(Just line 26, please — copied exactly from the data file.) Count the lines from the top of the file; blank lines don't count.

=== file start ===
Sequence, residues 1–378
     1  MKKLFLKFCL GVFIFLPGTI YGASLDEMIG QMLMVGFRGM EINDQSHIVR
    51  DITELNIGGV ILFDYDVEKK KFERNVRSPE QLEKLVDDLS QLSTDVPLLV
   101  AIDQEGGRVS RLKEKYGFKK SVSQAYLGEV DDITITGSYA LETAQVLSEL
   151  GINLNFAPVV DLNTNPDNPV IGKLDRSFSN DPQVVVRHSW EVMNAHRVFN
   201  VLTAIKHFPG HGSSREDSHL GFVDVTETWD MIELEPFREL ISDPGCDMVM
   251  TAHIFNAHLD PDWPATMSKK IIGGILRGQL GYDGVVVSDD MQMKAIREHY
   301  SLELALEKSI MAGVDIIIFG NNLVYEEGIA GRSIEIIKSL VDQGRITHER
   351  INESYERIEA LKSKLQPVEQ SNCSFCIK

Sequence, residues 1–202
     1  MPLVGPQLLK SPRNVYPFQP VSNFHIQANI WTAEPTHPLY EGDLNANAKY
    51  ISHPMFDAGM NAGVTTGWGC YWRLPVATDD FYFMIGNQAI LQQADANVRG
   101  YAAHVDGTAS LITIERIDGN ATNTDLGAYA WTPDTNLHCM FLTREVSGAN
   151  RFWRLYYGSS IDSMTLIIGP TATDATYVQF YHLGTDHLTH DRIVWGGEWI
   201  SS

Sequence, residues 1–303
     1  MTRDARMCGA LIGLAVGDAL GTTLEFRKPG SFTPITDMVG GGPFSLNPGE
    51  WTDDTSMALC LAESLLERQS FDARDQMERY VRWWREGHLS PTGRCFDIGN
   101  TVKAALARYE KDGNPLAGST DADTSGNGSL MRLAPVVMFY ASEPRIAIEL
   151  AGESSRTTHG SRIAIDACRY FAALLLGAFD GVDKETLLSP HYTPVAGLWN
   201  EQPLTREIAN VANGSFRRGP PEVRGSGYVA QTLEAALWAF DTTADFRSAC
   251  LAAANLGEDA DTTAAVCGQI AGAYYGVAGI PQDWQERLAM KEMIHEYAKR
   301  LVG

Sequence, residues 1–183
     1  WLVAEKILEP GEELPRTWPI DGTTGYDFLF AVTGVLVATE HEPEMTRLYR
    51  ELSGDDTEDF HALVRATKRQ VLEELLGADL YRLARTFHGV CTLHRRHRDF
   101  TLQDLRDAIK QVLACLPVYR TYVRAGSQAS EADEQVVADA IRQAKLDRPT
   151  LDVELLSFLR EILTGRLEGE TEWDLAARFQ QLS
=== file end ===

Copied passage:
    51  ELSGDDTEDF HALVRATKRQ VLEELLGADL YRLARTFHGV CTLHRRHRDF